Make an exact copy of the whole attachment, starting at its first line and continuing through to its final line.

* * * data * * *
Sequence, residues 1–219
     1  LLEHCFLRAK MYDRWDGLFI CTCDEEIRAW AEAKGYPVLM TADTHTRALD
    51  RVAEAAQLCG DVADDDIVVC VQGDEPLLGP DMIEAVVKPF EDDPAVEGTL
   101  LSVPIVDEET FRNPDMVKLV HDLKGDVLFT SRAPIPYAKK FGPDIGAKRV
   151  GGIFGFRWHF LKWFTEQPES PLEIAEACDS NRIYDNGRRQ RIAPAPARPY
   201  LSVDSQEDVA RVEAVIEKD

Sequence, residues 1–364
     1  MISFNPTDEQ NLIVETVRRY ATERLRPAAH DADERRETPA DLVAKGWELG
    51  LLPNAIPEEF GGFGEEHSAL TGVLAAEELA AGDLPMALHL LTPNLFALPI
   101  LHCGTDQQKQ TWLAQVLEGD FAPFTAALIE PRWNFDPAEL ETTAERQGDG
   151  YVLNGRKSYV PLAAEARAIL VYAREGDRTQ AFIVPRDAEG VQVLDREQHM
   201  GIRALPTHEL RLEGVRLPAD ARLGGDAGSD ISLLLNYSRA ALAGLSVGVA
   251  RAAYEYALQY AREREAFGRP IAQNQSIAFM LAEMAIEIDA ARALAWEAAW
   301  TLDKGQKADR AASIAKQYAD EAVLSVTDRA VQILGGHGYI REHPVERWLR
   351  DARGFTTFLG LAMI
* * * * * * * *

Sequence, residues 1–219
     1  LLEHCFLRAK MYDRWDGLFI CTCDEEIRAW AEAKGYPVLM TADTHTRALD
    51  RVAEAAQLCG DVADDDIVVC VQGDEPLLGP DMIEAVVKPF EDDPAVEGTL
   101  LSVPIVDEET FRNPDMVKLV HDLKGDVLFT SRAPIPYAKK FGPDIGAKRV
   151  GGIFGFRWHF LKWFTEQPES PLEIAEACDS NRIYDNGRRQ RIAPAPARPY
   201  LSVDSQEDVA RVEAVIEKD

Sequence, residues 1–364
     1  MISFNPTDEQ NLIVETVRRY ATERLRPAAH DADERRETPA DLVAKGWELG
    51  LLPNAIPEEF GGFGEEHSAL TGVLAAEELA AGDLPMALHL LTPNLFALPI
   101  LHCGTDQQKQ TWLAQVLEGD FAPFTAALIE PRWNFDPAEL ETTAERQGDG
   151  YVLNGRKSYV PLAAEARAIL VYAREGDRTQ AFIVPRDAEG VQVLDREQHM
   201  GIRALPTHEL RLEGVRLPAD ARLGGDAGSD ISLLLNYSRA ALAGLSVGVA
   251  RAAYEYALQY AREREAFGRP IAQNQSIAFM LAEMAIEIDA ARALAWEAAW
   301  TLDKGQKADR AASIAKQYAD EAVLSVTDRA VQILGGHGYI REHPVERWLR
   351  DARGFTTFLG LAMI